top of page

Budgeting Basics for your Grant Application

Ah yes, the research grant budget. If you're like many early career researchers, this may make you cringe. But - it is a critically important part of a funding application - and in the research planning process overall.

In fact, I consider the budget to be so vital that I recommend you plan it even before you start writing your actual proposal (don't believe me? Check out this Science article from a range of experienced researchers who agree). Time and time again, I have worked with early career researchers who have spent hours perfecting their research grant text applications only to find out that they are wildly unable to fund what they have promised in their application (meaning they have to go back to the drawing board and rewrite considerable amounts of text to match a realistic budget).

The budget is also important because it is a concrete way to show funders that you have the capacity to succeed at delivering what you have set out to deliver: you're walking the walk, not just talking the talk. Funders want impact, and showing a feasible, well-thought out and detailed budget will give them confidence you have planned your programme for this. It will also be where 'the rubber hits the road' to backup claims you make in your text - for example, if you are collaborating with experts in the Vision Mātauranga section of many grant applications, supporting their involvement with funding is a direct way to prove to funders you are serious in driving meaningful co-design or knowledge transfer.

Let me give you an example... which budget would you prefer if you were a funder?

Basic Example Budget #1: $10,000

Budget Item


Field Work




Basic Example Budget #2: $10,000

Budget Item


Travel ($700 round trip flights x4)


Accomodation ($175 x 8 nights)


Project Consumables


Consultation with Kaiārahi Māori


Publication Fees


Conference Registration ($650) and International Flights ($1,650)


I hope this is as obvious as I am intending - both budgets have funding for field work and dissemination, but Budget #2 is slightly more detailed and will help guide your funder to understand how you plan to spend their investment. Some funders of course require quotes (especially for equipment grants) and detailed breakdowns of items like consumables. Further, many (most? all!) Universities and funders have specific budget requirements that you will need to adhere to - for example, this includes overheads (typically 112% of salaries), salary-related costs, inflation, restrictions on what can and cannot be included (e.g., capital expeditures, some equipment), specific rates for PhD or Master's Stipends, ... the list goes on.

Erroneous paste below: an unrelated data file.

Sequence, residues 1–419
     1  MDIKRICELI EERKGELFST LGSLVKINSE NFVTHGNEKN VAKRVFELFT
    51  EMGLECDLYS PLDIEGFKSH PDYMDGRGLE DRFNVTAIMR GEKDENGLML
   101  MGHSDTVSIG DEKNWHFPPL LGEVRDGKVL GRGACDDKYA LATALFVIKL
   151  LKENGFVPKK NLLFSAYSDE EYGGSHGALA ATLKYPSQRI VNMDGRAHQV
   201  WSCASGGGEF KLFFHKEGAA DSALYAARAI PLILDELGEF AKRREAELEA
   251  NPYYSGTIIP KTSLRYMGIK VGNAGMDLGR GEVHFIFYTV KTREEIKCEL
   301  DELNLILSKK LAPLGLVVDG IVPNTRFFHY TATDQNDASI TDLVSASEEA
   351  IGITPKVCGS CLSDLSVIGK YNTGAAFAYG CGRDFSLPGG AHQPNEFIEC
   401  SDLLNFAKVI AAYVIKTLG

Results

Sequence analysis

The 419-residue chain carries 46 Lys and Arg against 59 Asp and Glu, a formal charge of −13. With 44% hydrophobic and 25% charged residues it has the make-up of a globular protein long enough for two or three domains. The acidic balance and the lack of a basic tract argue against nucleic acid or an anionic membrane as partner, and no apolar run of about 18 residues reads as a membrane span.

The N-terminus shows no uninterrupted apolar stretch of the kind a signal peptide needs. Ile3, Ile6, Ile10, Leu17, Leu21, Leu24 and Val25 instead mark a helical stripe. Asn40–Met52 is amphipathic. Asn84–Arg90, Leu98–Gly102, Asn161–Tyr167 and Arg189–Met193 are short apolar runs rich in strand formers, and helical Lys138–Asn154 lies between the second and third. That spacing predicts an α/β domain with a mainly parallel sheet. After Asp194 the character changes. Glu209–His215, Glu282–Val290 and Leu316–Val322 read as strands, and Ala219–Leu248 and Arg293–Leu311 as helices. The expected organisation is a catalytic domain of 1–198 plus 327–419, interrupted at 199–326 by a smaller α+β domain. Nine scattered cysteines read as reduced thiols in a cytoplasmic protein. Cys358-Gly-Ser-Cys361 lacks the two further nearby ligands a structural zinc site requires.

So it is your job to make it clear how you arrived at the numbers you proposed. And, when you have correct numbers, you can start writing your bid with full confidence you are able to achieve what you have proposed.

The first place to start is to read the guidelines from the funder. You will quickly find out that funders vary wildly between what they will and won't fund, so take time to understand their guidelines. Also be sure to check out the FAQs, as there can be very useful hints to set your budget apart from the rest. Here are a few Marsden Fast-Start examples:

  • "Ensure that you provide sufficient resources in your budget to enable all team members to fulfil their role on the project (i.e. plan your project appropriately for the budget)." Translation: They want to ensure that people are dedicating enough paid time to this work to get good results. Make sure you always budget for consultants and collaborators that provide expert advice, such as lived experience experts, Kaiārahi Māori or other advisors.

  • "Note that international team members cannot receive a salary from a Marsden Fund Grant." Translation: If your budget is tight, you may be able to collaborate with a senior academic overseas to contribute valuable knowledge and credibility to your team while not breaking the bank.